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A painting of a wild forest with various animals, including white horses, lions, lambs, leopards, monkeys, swans, flamingos, parrots and butterflies. Sun rays are visible through the trees and a rainbow is visible on the mountainside. Uppercase white text on top reads "Nick Cave and the Bad Seeds"; larger uppercase white text in the centre reads "Ghosteen".
Studio album by
Released4 October 2019 (2019-10-04)
  • Ghosteen
  • Bad Seed
Nick Cave and the Bad Seeds chronology
Distant Sky: Live in Copenhagen

Ghosteen is the seventeenth studio album by the Australian rock band Nick Cave and the Bad Seeds. It was released on 4 October 2019 on Ghosteen Ltd and on 8 November 2019 on Bad Seed Ltd, both the band's own imprints. Ghosteen is a double album—the band's first since Abattoir Blues / The Lyre of Orpheus (2004)—and the final part of a trilogy of albums that includes Push the Sky Away (2013) and Skeleton Tree (2016). Upon release, the album was met with widespread critical acclaim.


In July 2015, during the recording sessions for Nick Cave and the Bad Seeds' sixteenth studio album Skeleton Tree (2016), Nick Cave's 15-year-old son Arthur died after falling from the Ovingdean Gap near Brighton, England.[3] Skeleton Tree and the related documentary film One More Time with Feeling were released the following year; Skeleton Tree's lyrical themes and its "bleak and disturbing" sound led to misconceptions that the album was entirely about Arthur's death.[4] The majority of the songs on the album, however, were written prior to his death, with Cave only improvising and amending subsequent lyrics during the album's final sessions.[5]

Nick Cave and the Bad Seeds returned to live performances in January 2017 and four months later released the compilation album Lovely Creatures: The Best of Nick Cave and the Bad Seeds (2017), which was originally due for release in 2015.[6] In April 2018 Cave began a series of initially limited question-and-answer events called Conversations with Nick Cave, in which he explored the relationship with his audience;[7] Cave's efforts in engaging directly with his fans continued in September 2018 when he began a blog, The Red Hand Files, with a similar concept where fans send in questions. In the same month, pianist Conway Savage–a member of the band since 1990–died of a brain tumour, which he had been diagnosed with a year earlier;[8] Ghosteen was ultimately dedicated to Savage.[9] In the weeks after his death, the band released the extended play Distant Sky: Live in Copenhagen (2018) and premiered a full-length concert film of the same name.[10][11]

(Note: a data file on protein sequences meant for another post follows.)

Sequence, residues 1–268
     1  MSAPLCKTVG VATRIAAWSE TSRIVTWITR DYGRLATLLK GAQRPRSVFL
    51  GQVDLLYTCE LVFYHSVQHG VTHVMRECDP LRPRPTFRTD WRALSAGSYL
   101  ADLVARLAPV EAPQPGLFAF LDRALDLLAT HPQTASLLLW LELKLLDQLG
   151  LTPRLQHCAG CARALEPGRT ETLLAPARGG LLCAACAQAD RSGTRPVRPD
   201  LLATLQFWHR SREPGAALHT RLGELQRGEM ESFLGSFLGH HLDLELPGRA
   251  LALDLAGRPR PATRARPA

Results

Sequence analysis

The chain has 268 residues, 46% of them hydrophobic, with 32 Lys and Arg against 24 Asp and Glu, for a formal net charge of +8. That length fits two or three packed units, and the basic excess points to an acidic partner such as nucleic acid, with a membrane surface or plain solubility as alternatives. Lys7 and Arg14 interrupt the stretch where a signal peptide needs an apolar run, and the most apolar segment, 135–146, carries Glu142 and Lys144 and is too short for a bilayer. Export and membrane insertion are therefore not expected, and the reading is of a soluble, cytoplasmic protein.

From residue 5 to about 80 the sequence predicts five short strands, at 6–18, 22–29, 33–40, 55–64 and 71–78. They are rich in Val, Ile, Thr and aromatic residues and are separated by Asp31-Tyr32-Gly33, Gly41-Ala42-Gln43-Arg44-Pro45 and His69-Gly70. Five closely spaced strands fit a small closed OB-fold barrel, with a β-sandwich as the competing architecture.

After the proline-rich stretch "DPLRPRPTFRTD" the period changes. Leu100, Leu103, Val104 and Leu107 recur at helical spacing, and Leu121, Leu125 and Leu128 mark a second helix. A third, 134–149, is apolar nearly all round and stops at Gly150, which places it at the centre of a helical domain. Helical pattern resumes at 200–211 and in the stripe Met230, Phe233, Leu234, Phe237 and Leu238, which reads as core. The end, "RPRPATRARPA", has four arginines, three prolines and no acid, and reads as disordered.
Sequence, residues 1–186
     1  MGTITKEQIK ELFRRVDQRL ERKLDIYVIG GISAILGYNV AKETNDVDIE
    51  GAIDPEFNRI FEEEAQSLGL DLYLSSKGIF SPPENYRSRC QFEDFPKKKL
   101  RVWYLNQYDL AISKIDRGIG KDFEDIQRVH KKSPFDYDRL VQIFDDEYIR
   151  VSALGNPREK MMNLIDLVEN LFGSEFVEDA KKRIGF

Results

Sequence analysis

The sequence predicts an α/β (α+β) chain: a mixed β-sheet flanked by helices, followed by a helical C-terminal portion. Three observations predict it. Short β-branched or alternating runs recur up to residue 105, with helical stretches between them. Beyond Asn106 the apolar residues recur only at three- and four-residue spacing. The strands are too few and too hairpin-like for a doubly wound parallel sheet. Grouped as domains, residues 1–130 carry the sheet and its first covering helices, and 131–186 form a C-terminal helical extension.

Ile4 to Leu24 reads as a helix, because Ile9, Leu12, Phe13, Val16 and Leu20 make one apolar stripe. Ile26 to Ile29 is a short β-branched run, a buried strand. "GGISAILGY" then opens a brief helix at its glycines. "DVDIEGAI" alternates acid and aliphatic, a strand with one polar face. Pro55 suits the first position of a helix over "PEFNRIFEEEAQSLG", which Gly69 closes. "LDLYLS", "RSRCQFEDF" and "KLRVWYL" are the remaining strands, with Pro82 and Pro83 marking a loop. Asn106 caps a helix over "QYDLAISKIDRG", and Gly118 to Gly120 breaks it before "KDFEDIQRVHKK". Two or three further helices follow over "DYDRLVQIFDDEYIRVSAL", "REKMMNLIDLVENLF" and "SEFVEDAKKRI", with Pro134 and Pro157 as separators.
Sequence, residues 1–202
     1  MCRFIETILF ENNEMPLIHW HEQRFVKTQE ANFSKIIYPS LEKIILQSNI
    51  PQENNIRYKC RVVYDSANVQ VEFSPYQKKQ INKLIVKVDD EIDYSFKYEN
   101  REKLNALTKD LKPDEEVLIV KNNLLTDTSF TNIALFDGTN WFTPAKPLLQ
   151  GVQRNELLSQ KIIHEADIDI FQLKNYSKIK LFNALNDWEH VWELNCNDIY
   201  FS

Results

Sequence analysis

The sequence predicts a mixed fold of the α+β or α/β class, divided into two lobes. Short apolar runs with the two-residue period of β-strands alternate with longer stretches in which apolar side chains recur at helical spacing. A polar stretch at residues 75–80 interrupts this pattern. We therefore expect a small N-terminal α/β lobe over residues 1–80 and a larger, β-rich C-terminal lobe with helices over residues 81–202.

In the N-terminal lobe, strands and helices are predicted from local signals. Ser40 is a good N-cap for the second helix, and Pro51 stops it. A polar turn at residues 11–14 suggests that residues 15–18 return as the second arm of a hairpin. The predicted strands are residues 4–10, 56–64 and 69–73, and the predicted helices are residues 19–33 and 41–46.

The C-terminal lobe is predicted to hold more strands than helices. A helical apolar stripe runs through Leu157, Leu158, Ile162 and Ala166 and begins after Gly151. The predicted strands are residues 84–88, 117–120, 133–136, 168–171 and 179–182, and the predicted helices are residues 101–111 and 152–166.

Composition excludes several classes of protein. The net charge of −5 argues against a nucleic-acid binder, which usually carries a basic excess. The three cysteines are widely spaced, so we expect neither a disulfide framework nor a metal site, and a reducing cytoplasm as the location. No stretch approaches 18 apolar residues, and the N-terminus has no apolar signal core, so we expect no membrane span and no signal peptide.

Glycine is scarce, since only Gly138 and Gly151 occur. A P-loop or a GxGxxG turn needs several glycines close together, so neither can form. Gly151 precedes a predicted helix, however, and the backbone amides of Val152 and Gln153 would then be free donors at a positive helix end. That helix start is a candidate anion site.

Ghosteen was recorded in various locations in the United States, England and Germany between 2018 and early 2019. The main sessions were held at Woodshed Recording Studios in Malibu and NightBird Recording Studios in West Hollywood, California in the US; Retreat Studios in Brighton, England; and Candy Bomber Studio in Berlin, Germany, with Nick Cave and Warren Ellis heading production. Further sessions, featuring the recording of a string ensemble with orchestrator Ben Foster, were held at Air Studios in London, England.[9] By January 2019, Cave said he and the Bad Seeds had "nearly finished a new record".[12] Ghosteen was subsequently mixed by Cave, Ellis, Lance Powell and Andrew Dominik at Conway Recording Studios in Los Angeles, California and mastered by Chris Gehringer.[9]


Ghosteen is a double album–Nick Cave and the Bad Seeds' first since Abattoir Blues / The Lyre of Orpheus (2004)–and contains 11 tracks. The first part of the album features eight songs, which Nick Cave describes as "the children"; the second part of the album contains two longer songs and a spoken-word track, which he describes as "their parents". In summarising Ghosteen, Cave referred to the album both as "a migrating spirit"[13] and the final part of a trilogy of albums the band began with Push the Sky Away (2013), which also includes Skeleton Tree.[6]